Wednesday, June 30, 2010

Cambridge XII

June 30, 2010

Fabulous dream before waking. We had gone camping in a great stony wilderness beside the sea. In places the stone was carved into grottoes and convolutions by the water; in places humans had driven tunnels and even left sculpture behind to be re-fashioned by the waves. I don’t remember who all was there, but I think a large company of my friends, including DJ and Peg Downes. It was very rough, and the landscape was so irregular it was hard learning your way around, but very beautiful. When you went out on an expedition, the stone would be dry sometimes, sometimes filling with the tide. I could run very fast over the stones and through the gathering waters. I noted this because I have never run fast in the waking world. Above the rough coast was a sort of parkland, where the less adventurous dwelt. We were in a huge grotto, cool and echoing, just above the tide. One evening coming back through the parkland, I saw a disturbance. I thought a kestrel was attacking a little red dog, but as I watched, the dog fled away for its life, and revealed that it and the kestrel both had been attacking a grouse. The kestrel had it to itself now, and was stabbing it with long claws. As it did, baby grouse scuttled away from where they had been hidden in their mother’s feathers.

Second trip to the Fitzwilliam, and second clash with the door guards. As before, we triumphed, though if by defiance the first time, but subterfuge the second. I sent part of the group ahead, so they were in before we were detected. When they sent us around to the other entrance to book with the group supervisor, we again spread ourselves out so we didn’t look so many, aided in our caper by a couple dozen rowdy Italian students who appeared at the same moment. The important thing, in any case, is not to do what one is told. The Fitzwilliam has an important collection, but the guards behave like six year olds determined to rule their corner of the playground. Found the Rothschild gallery, full of almost unimaginably beautiful things from the Middle Ages. Found “Orpheus Charming the Birds and the Beasts.”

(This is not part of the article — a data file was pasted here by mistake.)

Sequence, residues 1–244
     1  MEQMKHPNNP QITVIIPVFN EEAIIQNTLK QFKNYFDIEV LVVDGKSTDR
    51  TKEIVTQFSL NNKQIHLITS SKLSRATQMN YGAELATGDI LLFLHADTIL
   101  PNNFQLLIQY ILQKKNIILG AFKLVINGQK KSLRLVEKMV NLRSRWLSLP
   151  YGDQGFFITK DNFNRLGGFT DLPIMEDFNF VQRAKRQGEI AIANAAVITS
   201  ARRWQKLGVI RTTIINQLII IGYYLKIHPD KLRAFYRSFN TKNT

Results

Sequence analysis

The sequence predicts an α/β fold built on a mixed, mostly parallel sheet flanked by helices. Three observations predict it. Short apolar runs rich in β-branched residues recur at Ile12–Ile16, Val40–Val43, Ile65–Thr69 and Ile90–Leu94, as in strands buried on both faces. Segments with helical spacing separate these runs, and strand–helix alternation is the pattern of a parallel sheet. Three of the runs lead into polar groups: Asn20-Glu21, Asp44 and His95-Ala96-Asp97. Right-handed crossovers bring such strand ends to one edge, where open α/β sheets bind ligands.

Cambridge is forty feet deep in the perfume of the lime trees. It is an altogether blessed thing. Because of the way their blossoms cascade, they look jittery when you glance at them, like an old fashioned TV whose picture will not stop rolling.

Hiked for old time’s sake to 134 Milton Road. The journey seems less than the winter I had to make it twice a day. Much has changed, whole buildings, whole blocks, and though there were hints of old feelings, the nostalgia quotient was low, and I suppose that was well. My winter in Cambridge forty years ago was revolutionary. It wrenched me from whatever path I had been on and set me–rightly-- on the one that led to this spot and this time. I have always done things very gradually, or so it seems to me, and most of the life that started one night when I crossed Jesus Green by starlight manifested slowly, to many invisibly. My parents thought the term likely a waste of money, I talked about it so little and so guardedly. But I know what happened and what the consequences were. I do regret not moving faster, harder, with less compromise, but given the circumstances of my life, it’s hard to see how that could have been done without major upheaval and explanations beyond my willingness to explain. Who knows what actually has come of it? If it was all a futility, it was at least a futility more genuinely my own than what I had been headed for at my birth.